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In a 'World Made by Hand,' Kunstler Reassures

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In a 'World Made by Hand,' Kunstler Reassures

Book Reviews

In a 'World Made by Hand,' Kunstler Reassures

In a 'World Made by Hand,' Kunstler Reassures

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James Howard Kunstler's most recent social commentaries have pointed to mayhem — ranging from bad surburban planning to how the loss of cheap oil might unravel the way we live. But his latest work — a return to fiction — offers a bit of reassurance.

ROBERT SIEGEL, host:

James Howard Kunstler began writing fiction decades ago, but then turned to social criticism, writing about energy crises and urban collapse. In his latest work, "World Made By Hand," Kunstler returns to fiction.

And Alan Cheuse has a review.

ALAN CHEUSE: We begin in Union Grove, New York, and a few decades along into the new century. Terrorist bombs have destroyed a number of big cities, and the oil supply has run out. But Robert Earle, protagonist of the book, doesn't feel it does any good to look back at all that's been lost.

Earle is a software executive turned carpenter, and he's somehow come to terms with the loss of his family to the disaster that America has become. He even manages to enjoy a world without electricity and gasoline, given the fact that Union Grove has running water drawn by gravity from the nearby Hudson River. He's got a mistress, too, in the wife of the local minister. And he ekes out a comfortable living as a fisherman and a handyman.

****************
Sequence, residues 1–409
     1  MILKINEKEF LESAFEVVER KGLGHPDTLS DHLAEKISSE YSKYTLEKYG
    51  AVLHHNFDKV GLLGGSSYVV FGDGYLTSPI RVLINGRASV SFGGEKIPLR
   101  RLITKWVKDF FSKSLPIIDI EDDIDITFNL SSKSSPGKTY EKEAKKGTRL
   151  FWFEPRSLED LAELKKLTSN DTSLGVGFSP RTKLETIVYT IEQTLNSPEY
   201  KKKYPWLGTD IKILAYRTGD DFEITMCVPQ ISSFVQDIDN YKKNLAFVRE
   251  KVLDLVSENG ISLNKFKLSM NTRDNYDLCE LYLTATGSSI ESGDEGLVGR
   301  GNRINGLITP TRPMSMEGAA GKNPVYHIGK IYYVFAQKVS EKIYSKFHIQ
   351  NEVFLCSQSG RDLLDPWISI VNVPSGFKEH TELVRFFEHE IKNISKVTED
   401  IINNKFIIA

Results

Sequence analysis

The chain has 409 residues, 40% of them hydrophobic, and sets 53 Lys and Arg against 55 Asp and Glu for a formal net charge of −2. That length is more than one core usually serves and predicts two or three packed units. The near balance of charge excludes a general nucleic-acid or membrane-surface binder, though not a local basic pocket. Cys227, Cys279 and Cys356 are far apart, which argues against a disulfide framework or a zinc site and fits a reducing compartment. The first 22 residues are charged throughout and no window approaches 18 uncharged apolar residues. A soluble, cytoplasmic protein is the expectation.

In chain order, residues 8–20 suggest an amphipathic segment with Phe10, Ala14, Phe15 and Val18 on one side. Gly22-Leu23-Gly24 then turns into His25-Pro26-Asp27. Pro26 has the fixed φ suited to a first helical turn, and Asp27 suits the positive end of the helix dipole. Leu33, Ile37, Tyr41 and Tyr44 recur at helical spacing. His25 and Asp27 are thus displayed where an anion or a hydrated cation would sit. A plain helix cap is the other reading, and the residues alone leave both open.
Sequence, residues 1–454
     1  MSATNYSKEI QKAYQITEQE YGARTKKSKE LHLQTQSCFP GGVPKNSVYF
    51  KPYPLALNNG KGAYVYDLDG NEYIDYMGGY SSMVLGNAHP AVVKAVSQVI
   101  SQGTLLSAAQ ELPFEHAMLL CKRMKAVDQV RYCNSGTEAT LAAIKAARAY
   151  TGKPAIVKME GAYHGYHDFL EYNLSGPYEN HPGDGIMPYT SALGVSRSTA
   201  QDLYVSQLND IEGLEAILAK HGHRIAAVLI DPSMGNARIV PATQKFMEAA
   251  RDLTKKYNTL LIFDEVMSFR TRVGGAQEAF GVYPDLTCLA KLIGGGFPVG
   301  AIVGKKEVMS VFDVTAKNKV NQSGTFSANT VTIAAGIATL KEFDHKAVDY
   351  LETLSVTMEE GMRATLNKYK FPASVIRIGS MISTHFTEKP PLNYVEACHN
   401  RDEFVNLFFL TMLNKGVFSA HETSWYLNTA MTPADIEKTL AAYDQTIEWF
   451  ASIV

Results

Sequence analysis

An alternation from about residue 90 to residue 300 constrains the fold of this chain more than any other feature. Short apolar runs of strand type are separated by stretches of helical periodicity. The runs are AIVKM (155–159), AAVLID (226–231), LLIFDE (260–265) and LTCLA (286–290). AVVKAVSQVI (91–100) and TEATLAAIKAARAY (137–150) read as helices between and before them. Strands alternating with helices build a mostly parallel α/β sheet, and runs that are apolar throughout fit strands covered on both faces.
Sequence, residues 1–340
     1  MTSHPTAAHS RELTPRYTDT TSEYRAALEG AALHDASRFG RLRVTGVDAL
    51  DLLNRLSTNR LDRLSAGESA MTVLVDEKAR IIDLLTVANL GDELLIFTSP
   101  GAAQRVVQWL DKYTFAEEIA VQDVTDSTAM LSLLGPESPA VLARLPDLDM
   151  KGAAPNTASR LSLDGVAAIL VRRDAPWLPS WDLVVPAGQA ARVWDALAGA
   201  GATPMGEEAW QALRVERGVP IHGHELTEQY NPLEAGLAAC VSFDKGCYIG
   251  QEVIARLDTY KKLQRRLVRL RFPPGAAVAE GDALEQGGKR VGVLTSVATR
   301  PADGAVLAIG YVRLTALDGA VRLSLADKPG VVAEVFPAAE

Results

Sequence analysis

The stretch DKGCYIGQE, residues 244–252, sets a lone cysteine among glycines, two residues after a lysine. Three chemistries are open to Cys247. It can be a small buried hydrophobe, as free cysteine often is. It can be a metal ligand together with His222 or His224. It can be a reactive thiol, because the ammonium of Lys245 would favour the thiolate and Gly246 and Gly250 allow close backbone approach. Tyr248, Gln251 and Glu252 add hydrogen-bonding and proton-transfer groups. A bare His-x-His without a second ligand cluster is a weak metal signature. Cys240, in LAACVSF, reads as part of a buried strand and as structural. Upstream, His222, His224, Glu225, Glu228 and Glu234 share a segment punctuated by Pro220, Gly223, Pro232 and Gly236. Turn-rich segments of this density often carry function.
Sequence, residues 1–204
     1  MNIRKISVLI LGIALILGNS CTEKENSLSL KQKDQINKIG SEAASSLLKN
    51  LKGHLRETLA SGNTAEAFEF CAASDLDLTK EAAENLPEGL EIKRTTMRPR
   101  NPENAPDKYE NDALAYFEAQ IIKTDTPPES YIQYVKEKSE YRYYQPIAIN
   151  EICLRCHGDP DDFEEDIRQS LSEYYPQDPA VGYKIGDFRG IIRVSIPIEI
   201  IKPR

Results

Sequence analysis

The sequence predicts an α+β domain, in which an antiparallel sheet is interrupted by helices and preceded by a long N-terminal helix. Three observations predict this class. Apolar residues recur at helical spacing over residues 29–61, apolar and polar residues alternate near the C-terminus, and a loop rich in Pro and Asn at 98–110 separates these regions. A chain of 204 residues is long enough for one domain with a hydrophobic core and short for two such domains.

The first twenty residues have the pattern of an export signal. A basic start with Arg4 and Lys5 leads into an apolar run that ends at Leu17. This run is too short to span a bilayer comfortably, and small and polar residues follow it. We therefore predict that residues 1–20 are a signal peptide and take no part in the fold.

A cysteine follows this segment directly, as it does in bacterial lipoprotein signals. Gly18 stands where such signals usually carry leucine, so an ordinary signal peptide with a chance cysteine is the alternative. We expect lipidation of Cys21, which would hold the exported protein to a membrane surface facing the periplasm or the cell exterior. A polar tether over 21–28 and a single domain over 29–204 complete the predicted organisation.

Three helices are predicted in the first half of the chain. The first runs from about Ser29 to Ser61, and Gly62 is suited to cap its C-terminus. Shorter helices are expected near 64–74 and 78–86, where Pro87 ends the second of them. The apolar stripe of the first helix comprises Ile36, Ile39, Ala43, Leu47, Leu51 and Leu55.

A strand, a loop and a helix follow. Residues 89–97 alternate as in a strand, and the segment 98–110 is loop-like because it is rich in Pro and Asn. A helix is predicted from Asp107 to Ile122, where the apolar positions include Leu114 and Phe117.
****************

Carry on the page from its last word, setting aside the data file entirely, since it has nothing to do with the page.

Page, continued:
The tranquility was pleasing, he tells us at the outset of his story, despite what it signified about what had happened to our society. Of course, things don't remain tranquil for long. Earle soon finds himself a witness to a murder that the Union Grove inhabitants are almost wholly incapable of dealing with. He then takes a dangerous trip on horseback to search for some men who've gone missing in Albany, which Earle describes as having reverted to a frontier town.

The stakes rise ever higher when Earle's Union Grove friends elect him mayor, placing him in a world of pain. Things in Union Grove always seem to get worse before they improve, and society never returns to the heyday of yesterday. But in the end, Kunstler's brilliant cautionary fiction convinces us that this brave new world, a world made by hand, just might prove as pleasing and unpredictable as our own. And that, that is no small feat of reassurance.

(Soundbite of music)

SIEGEL: The novel is "World Made By Hand," by James Howard Kunstler. Alan Cheuse teaches writing at George Mason University in Fairfax, Virginia.

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